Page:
Just had a smoke with S___. She stopped here at cafe as break from her work at lawyer’s office across street. She’s about done—tomorrow’s her last day. K_’s done with her job, and I will be, too, as soon as I finish my stories (it’s not measured in time, as much as in getting this work done). I feel maybe I’m an inspiration—several people have told me now is the time to break away, while I’m young. They tell me to find something I like, that if I’m not happy, it’s not worth it, that sort of thing. Maybe I’m even an inspiration to [my editor] W__ —he talked today, for the first time I’ve ever heard him, about how the years are all similar, they play back like tapes in his mind, and maybe it’s time to throw those tapes out. He even said that maybe he should look for a job at Springfield paper. Maybe aimless pondering, but there’s a real sentiment behind it.
So, smoking—there’s a subject to be written about here. I haven’t smoked for two days until tonight—and as long as I don’t start again—and the first smoke is always the best or the worst—tastes bad after a period of not smoking, yet that is the only one that gives a buzz. Future smokes, the second half of the pack, are just consumption, busywork, unspecified and unsatisfying—same as chewing a whole pack of gum at once—because you have it.
But herein lies a topic for discussion—why is it that I smoke when I chose to smoke, each individual instance? It really got in the way sometimes, like smoking one just before I got in my car to drive home (such as from work). Sometimes it’s just something to do, like during a commercial break in a TV show. I would just think to myself that I hadn’t had a smoke in a while, and that harshness in the lungs—that solidity, that substance—somehow filled a void, met a need. At other times, like why I would smoke during a writing session (not while typing, however, and while writing in the journal, it was just a hindrance, and it wasn’t noticed or enjoyed), this is almost the “break” theory, the pause from work—though it was both procrastination technique and reward for work already done. And it truly was just a break, a pause, a chance to think about what I was to write next—lede or just next transition, next block of text.
And then there’s the smoke that I “need”—don’t usually feel it unless I have the smokes and I just haven’t smoked one in a while, like at the stare fair this week. I don’t get needy from my body (as I do when I’m quitting), but moreso antsy in my mind. Maybe this partly shares with the “something to do”/waiting motivation.
My question here is, why do I want the second one? Almost no other substance I know of—excepting maybe sweets because of my sweet tooth—makes you want to have another. In an evening, I’ll want to drink more than one beer, but that’s almost a sipping thing—wanting to have one handy, nearby always, and at those times, smoking is like that, too—I keep one lit constantly or almost so at those drinking and smoking and talking times.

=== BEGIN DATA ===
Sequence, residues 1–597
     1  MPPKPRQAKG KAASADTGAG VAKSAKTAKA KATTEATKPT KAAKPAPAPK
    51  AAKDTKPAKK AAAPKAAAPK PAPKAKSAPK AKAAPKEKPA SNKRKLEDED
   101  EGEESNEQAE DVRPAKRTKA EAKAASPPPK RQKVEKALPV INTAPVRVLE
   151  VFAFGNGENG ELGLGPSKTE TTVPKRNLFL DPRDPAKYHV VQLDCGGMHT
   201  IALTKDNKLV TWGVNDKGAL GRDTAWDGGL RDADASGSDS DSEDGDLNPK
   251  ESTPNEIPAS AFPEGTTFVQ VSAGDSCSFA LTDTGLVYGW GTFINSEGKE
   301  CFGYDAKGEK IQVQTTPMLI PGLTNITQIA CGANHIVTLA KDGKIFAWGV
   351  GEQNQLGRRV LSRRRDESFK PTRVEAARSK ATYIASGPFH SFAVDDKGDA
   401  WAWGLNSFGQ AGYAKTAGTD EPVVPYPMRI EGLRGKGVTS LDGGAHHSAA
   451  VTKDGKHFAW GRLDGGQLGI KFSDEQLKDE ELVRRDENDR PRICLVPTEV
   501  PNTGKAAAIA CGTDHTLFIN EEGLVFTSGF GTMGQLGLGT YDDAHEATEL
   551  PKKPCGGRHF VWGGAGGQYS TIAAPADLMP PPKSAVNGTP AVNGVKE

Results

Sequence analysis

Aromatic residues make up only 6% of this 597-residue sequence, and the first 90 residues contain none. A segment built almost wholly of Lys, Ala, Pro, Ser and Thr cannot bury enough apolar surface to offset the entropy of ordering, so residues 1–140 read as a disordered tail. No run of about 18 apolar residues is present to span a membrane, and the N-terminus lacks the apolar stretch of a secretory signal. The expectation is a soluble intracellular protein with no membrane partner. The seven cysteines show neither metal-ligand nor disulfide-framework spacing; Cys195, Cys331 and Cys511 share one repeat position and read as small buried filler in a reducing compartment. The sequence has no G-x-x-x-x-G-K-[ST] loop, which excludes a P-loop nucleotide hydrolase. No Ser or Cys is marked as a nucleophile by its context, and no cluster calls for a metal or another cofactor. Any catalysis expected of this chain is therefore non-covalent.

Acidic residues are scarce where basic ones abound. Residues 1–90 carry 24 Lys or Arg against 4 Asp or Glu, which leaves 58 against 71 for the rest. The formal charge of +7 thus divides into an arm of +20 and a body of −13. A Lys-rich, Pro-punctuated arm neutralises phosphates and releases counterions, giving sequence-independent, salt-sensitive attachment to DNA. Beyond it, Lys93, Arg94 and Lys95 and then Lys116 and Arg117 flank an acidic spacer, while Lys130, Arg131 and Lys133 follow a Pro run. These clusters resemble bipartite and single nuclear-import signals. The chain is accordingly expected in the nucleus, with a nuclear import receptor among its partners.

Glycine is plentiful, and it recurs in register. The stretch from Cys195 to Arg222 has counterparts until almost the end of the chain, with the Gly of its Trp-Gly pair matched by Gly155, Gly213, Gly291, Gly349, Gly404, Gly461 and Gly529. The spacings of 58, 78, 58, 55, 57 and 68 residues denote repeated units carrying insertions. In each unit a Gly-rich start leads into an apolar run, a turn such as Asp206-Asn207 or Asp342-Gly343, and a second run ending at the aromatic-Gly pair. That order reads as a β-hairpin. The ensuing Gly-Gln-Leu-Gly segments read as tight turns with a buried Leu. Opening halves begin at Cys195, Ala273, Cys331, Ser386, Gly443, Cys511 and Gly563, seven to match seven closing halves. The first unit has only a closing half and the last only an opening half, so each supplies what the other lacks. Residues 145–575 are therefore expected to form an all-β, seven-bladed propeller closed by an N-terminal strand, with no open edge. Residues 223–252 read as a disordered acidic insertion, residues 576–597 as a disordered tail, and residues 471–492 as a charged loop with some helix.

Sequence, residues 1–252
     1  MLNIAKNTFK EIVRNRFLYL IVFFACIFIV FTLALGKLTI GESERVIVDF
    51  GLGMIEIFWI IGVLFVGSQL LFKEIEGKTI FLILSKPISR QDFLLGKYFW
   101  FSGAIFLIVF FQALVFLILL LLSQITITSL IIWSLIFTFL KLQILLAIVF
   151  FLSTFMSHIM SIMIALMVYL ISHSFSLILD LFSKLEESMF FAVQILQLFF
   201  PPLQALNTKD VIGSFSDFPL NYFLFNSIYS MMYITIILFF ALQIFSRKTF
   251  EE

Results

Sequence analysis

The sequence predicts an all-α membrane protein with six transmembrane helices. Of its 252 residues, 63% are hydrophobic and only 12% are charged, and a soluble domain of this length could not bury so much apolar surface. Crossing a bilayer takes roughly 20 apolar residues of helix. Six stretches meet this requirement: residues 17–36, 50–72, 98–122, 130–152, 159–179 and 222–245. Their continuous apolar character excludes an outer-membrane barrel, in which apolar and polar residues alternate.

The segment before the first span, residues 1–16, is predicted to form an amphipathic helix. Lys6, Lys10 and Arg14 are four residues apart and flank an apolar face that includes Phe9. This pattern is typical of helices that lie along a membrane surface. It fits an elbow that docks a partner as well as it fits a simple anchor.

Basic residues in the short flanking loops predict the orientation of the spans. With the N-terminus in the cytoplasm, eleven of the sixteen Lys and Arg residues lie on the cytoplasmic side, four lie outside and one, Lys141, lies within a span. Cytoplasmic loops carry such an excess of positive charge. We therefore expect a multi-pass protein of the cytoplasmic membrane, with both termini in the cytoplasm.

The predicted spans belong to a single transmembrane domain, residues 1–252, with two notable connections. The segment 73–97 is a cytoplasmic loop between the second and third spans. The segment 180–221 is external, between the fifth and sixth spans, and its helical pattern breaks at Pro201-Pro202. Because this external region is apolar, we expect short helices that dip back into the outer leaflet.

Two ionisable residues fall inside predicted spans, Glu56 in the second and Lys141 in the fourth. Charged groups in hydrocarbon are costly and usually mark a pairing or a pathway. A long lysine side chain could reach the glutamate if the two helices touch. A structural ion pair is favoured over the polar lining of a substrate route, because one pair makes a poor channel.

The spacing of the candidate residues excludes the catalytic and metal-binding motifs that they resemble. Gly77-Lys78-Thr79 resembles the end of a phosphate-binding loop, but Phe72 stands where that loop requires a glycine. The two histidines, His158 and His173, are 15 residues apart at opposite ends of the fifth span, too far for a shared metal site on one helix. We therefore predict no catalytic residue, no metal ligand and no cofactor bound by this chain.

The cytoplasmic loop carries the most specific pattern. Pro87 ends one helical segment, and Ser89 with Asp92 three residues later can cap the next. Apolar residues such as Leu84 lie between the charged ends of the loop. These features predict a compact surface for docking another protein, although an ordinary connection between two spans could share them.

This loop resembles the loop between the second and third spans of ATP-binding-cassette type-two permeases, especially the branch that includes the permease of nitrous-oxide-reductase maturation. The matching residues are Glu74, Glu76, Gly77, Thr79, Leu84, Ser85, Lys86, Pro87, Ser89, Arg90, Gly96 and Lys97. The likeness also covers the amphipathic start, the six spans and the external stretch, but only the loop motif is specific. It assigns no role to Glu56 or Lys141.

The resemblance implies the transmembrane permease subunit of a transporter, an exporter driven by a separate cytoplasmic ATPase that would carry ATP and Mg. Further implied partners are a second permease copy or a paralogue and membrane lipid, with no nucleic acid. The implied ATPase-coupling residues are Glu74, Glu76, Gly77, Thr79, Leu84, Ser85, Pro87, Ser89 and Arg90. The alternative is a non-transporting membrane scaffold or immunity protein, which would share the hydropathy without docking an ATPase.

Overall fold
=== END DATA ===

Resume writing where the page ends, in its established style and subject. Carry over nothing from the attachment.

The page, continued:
But The Second One—do I really expect it to be as good as the first? Or is that where the addiction kicks in?
Why do I smoke a second—yeah, probably because the first was good. But that’s too simplistic, doesn’t really apply for me now, as someone who has established a smoking habit. In my case, the reason I light a second is because the first put me back in a “smoking period”—it’s OK to smoke a second because I’m not trying not to smoke, I’m allowing myself to smoke, and so why not live it up in this period of self-granted freedom? That’s what these jags—weeks of smoking—feel like, I think. Then soon it becomes a pattern again: wake-up smoke, before and after drives, before and after lunch, during TV, etc., etc.
Why do I smoke? After the first couple, I don’t even taste them. Is it a habit for its own sake, like breaks during writing? I was sick of cigs by Tuesday a.m. after smoking much of Monday night until 3 a.m., and then smoking more at 7 a.m. But I kept doing it until I was done writing.
But really, smoking isn’t too much of a habit for me. It’s not too deeply ingrained, or I’m not as chemically addicted, or something, or I wouldn’t be able to go even a whole day without a smoke. Sure, I am an addict at some level—like B__ said, I can’t take one because I’ll want another. The way to quit is just not to pick up the next one—there is somehow that reassuring feeling that if you take one, the next is “indulge yourself.”
But I know that I don’t want to keep smoking, that I can’t keep smoking, not only for the long-term considerations, but really I don’t like myself as much when I’m smoking. #1 is the weakness. I’m using a substance. Because it makes me so weak and out of breath, etc., and makes me smell bad, costs $, etc., I’m submitting to the substance. But I also smoke so fast—like I’m sucking these things down. I’m not attempting to make them part of my life—which is what I was thinking today, that deciding to smoke (at least by not quitting) is a large life-choice, almost a lifestyle, because of the prominent role it plays in your life. You have them with you all the time, you’re often thinking of how/when/where to have your next smoke, you’re choosing to not be athletic, or, really, healthy at all.
[From journal of 14 Aug. 1997, Journal 18, pages 210-15]